There are benefits to modernization, but often companies have to be dragged "kicking and screaming" into such projects. There are complex reasons for this but the ones we see the most are:
- Apprehension that the new system will break a complex ecosystem
- Management isn't willing to spend on improved systems when they have something that works
- Assumptions that the new system won't be better
- People are willing to endure discomfort to put up with the system they have
The benefits of Legacy Modernization outweigh the risks and fears. Moore's Law famously suggests that computer power doubles about every 18 months. That is typically a consideration for why to buy a new computer processor but the inverse implication of Moore's Law is also important: Every 18 months the relative power your legacy system is halved compared the latest processors available. By the time your systems are 6 years old, they've only about 6% of the power of what your competitor's slick new system is packing. With a properly executed Legacy Modernization plan, your systems can be on the latest processors with just a few clicks of your cloud management software.
Benefits of Modernization
The Many Benefits of the Cloud
In ye olde times, the way to build powerful software was to start by building it specifically for some powerful server framework. This approach was hard to shake off - but over the past two decades a shift has taken place to remove the server specifics from the equation. First, there was a shift to "virtual machines" or VMs which took the entire operating system and made it a portable, expandable layer which sat atop management software which could be used to scale up the underlying server power with minimal down time. Now another shift has allowed putting applications and their required supporting programs into containers which can be placed easily ported and expanded. These layers of abstraction mean easier portability and expandability for the consumer. You don't have to be shackled to a big server somewhere.
These containerized apps running on virtual operating systems in a distributed cloud mean you get quite a few benefits. Read on.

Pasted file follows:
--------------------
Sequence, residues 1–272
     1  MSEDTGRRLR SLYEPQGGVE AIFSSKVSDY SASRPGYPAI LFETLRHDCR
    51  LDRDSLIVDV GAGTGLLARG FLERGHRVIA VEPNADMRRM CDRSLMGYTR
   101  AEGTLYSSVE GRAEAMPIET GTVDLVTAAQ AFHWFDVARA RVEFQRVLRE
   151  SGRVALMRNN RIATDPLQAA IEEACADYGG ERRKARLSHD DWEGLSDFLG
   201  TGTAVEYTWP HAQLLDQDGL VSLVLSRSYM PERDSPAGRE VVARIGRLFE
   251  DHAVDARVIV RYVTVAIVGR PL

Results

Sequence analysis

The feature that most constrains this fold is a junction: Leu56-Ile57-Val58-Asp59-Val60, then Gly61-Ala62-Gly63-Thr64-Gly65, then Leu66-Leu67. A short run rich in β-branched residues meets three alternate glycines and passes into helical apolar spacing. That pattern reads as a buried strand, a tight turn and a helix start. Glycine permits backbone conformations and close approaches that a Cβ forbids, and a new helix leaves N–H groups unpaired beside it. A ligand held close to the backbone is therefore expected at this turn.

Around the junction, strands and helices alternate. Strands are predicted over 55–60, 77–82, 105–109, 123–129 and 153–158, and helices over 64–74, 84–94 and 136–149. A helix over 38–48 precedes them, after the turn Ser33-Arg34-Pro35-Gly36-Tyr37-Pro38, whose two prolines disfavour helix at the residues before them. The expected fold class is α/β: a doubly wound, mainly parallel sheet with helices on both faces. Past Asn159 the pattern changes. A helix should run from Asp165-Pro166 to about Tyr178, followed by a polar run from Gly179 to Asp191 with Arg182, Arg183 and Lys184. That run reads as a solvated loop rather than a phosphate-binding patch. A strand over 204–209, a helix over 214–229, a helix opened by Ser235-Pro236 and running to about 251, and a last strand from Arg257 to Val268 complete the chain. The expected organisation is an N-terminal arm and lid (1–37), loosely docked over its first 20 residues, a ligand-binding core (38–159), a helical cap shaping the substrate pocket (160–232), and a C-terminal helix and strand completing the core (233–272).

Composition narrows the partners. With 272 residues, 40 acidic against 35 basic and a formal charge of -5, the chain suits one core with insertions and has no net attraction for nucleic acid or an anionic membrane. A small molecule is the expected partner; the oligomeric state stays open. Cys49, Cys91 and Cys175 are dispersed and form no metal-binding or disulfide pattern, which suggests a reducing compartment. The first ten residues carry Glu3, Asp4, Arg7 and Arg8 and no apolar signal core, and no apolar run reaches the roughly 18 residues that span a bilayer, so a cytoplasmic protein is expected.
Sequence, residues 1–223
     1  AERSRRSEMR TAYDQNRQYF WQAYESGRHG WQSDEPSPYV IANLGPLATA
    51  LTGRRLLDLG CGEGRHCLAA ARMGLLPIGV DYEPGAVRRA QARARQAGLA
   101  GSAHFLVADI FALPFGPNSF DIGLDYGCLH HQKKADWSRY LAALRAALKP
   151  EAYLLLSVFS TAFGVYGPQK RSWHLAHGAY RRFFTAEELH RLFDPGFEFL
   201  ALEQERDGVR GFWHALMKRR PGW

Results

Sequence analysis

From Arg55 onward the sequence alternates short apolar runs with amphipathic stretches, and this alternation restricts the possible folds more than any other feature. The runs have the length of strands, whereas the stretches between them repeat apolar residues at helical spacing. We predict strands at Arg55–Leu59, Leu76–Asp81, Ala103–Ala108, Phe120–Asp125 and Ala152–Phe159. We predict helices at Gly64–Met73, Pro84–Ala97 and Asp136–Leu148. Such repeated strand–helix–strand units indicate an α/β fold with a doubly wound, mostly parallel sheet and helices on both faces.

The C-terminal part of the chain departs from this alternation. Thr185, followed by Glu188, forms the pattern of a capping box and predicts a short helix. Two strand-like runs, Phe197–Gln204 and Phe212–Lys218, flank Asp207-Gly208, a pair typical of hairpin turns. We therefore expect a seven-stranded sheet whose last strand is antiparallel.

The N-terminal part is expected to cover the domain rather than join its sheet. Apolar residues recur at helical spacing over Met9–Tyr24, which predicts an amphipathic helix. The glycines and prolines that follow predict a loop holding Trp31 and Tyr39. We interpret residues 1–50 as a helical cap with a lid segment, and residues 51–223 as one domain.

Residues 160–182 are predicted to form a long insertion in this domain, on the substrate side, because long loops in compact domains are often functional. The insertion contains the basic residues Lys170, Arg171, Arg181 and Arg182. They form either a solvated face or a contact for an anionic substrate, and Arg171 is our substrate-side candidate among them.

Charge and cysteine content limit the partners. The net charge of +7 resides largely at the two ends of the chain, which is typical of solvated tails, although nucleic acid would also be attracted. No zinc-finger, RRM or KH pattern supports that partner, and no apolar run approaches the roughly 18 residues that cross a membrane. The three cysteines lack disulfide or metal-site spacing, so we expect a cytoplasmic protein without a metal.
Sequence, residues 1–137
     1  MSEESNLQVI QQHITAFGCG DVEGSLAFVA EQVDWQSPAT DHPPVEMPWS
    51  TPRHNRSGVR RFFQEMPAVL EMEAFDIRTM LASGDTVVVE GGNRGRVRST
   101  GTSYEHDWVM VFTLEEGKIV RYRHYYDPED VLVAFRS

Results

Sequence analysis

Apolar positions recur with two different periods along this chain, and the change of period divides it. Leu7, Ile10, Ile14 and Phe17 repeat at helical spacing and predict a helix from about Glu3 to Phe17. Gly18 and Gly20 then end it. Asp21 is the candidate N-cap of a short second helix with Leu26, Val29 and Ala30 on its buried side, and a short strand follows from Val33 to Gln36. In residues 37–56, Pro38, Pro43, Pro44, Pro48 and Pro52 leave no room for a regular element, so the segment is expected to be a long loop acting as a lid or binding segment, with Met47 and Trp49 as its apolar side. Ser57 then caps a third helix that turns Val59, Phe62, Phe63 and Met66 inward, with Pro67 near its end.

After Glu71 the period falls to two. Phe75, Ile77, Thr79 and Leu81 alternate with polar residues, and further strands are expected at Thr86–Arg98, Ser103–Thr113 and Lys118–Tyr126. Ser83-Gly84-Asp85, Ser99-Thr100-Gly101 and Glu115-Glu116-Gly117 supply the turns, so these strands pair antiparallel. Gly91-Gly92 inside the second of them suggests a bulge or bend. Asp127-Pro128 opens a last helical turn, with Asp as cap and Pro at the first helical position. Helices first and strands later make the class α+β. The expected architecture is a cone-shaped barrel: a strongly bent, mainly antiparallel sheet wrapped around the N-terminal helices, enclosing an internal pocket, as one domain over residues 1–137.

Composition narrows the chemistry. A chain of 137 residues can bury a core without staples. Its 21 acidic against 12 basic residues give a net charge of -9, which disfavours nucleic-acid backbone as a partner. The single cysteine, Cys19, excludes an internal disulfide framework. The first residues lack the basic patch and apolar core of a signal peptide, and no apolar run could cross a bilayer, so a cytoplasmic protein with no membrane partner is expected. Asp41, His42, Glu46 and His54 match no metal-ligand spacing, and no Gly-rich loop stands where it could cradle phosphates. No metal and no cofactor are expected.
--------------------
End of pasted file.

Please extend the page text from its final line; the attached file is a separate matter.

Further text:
Load Balancing, Clustering, Scalability
Because modern applications are built with containerization in mind, it's very easy to put them into load-balanced clusters. This means that if your application gets a lot of traffic, it can be spread across multiple processors and even across multiple geographic regions. Growing the underlying server power usually just means allocating more server processors to the cluster and restarting. What once took weeks of planning and preparation often gets executed today with a few clicks and minutes of time.
The use of physical diversity across a cloud platform can mean that your company's systems are impervious to local disasters. That takes some planning, but the benefits in the event of an earthquake, fire, or flood are immediate. Your systems just keep on keeping on.
User Experience and Expectations
The driving factor for many modernization projects can be the need to get away from a dated User Interface. Ever seen the look on a millennial's face as you explain how to navigate a mainframe application by tapping function keys? Have you sat in your doctor or dentist's office marveling at their Windows 95 record keeping system? The fact is that dated UIs can make employees and customers feel like they are dealing with a dinosaur, and negatively influence their perception of your company.